Monday, 25 February 2013

Strategy Implementation: The Weakest Link

If you've ever watched the British TV Game Show "The Weakest Link" (or one of its numerous international spinoffs) you've probably learned some of the most important lessons of strategy implementation.

First, a quick overview of the rules. The contestants are asked questions one at a time. Each time a contestant gets a question right, an amount of money is added to the prize pot. The objective is to chain as many correct answers together in a sequence as possible. Each correct answer in a chain of correct answers is worth more than the one before it. The chain is broken when a contestant gets a question wrong or says "bank" just before their turn. If the chain is broken because a contestant gets a question wrong, then the money in the pot is lost. If the chain is broken because a contestant says "bank" then the pot is added to the prize purse and cannot subsequently be lost. In either case, the value which can be won be answering the next question correctly is set back to the initial amount and must be gradually built up again.

It follows from this that the most amount of money that can be won in a round is won by answering all the questions correctly and never saying "bank". However, if the contestant answers just the very last question incorrectly, then the whole group gets nothing for the round even if they'd answered all the other questions correctly. The reward and risk are maximised by following this strategy.

Alternatively, if each contestant says "bank" before every question, then the purse will be increased for each correct answer, but the amount by which it is increased will never increase, limiting the total amount that can be won.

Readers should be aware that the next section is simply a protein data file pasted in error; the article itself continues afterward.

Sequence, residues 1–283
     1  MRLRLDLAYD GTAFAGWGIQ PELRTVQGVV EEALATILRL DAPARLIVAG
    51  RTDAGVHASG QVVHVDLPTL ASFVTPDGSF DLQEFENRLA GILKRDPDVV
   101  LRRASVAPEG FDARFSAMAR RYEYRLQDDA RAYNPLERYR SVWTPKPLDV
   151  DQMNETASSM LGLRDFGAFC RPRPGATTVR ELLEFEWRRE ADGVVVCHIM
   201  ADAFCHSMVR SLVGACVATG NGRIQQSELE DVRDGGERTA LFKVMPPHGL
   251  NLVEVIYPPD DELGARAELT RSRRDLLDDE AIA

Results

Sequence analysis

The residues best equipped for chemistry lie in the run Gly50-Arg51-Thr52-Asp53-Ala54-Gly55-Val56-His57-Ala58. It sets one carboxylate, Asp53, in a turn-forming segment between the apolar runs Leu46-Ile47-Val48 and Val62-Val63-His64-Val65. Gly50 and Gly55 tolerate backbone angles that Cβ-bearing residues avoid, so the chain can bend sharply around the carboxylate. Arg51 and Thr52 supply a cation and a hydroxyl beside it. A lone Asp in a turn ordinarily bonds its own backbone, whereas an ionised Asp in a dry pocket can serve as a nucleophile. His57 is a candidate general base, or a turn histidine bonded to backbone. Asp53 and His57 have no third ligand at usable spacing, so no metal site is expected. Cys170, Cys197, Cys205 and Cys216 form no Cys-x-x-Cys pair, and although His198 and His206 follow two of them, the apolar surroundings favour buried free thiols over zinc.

The key to success in "The Weakest Link" is to bank at the right times. Don't bank often enough and the risk becomes to high; bank too often, and the reward are limited. It is the same in strategy execution.

Lesson 1: Bank often to reduce risk. In strategy execution, banking means delivering a change into an operating business. Documents, plans, blue prints, strategies are all well and fine, but they are not bankable until the are effected as changes to the operation. Similarly, programme code is fine, but it is not banked until it is launched into production. Strategies are worthless until they are executed. All of these things can be likened to work-in-progress (WIP) in manufacturing terms: although WIP is treated as an asset on the balance sheet in accounting terms, in financial terms, they remain costs until the work is completed and the product is sold. Just as firms should reduce work in progress, so to should they aim to reduce plans not yet executed to completion.

The way to achieve this is to break big changes into smaller changes. This is not the same as breaking projects into phases, such as analysis, design, implementation and testing. This means breaking changes into smaller changes which can be implemented and each of which improve the operating business.

Lesson 2: Banking too often reduces returns. It is a fine balancing act. If you change too often the organisation will start to suffer from change fatigue, and the operation will never become stable enough as a platform for future changes. For example, where change is implemented through computer systems, each change needs to be fully testing, data needs to be converted and operating procedures need to be changed. All of this costs money and so cannot be undertaken too often.

Every operation requires a natural rhythm of change. If change is infrequent and irregular it will be hard to analyse and control. However, unlike in "The Weakest Link", the rules are not cast in stone. Once you have established a natural rhythm, you should aim to speed it up, achieving higher rewards at lower levels of risk.

See also: Big business appears to favour big change

photo credit: rickh710 via photopin cc